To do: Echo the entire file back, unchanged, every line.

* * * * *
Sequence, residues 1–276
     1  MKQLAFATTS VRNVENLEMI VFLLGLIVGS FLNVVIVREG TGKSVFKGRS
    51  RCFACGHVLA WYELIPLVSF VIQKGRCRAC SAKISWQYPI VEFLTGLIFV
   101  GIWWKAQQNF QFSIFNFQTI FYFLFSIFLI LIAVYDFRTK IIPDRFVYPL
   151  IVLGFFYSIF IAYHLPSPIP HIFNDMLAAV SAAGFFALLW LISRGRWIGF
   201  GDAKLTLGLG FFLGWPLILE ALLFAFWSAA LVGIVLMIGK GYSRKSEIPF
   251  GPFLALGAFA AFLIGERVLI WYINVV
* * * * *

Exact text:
Sequence, residues 1–276
     1  MKQLAFATTS VRNVENLEMI VFLLGLIVGS FLNVVIVREG TGKSVFKGRS
    51  RCFACGHVLA WYELIPLVSF VIQKGRCRAC SAKISWQYPI VEFLTGLIFV
   101  GIWWKAQQNF QFSIFNFQTI FYFLFSIFLI LIAVYDFRTK IIPDRFVYPL
   151  IVLGFFYSIF IAYHLPSPIP HIFNDMLAAV SAAGFFALLW LISRGRWIGF
   201  GDAKLTLGLG FFLGWPLILE ALLFAFWSAA LVGIVLMIGK GYSRKSEIPF
   251  GPFLALGAFA AFLIGERVLI WYINVV